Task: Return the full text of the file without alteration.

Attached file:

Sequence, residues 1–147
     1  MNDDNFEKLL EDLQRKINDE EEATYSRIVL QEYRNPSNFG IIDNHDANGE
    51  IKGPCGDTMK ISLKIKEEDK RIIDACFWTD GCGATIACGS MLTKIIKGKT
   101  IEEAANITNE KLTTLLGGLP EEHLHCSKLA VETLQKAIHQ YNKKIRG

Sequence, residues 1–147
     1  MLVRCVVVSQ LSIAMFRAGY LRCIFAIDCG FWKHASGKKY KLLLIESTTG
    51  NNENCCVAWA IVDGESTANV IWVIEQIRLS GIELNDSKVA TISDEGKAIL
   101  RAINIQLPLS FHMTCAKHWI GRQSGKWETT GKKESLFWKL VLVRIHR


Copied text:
Sequence, residues 1–147
     1  MNDDNFEKLL EDLQRKINDE EEATYSRIVL QEYRNPSNFG IIDNHDANGE
    51  IKGPCGDTMK ISLKIKEEDK RIIDACFWTD GCGATIACGS MLTKIIKGKT
   101  IEEAANITNE KLTTLLGGLP EEHLHCSKLA VETLQKAIHQ YNKKIRG

Sequence, residues 1–147
     1  MLVRCVVVSQ LSIAMFRAGY LRCIFAIDCG FWKHASGKKY KLLLIESTTG
    51  NNENCCVAWA IVDGESTANV IWVIEQIRLS GIELNDSKVA TISDEGKAIL
   101  RAINIQLPLS FHMTCAKHWI GRQSGKWETT GKKESLFWKL VLVRIHR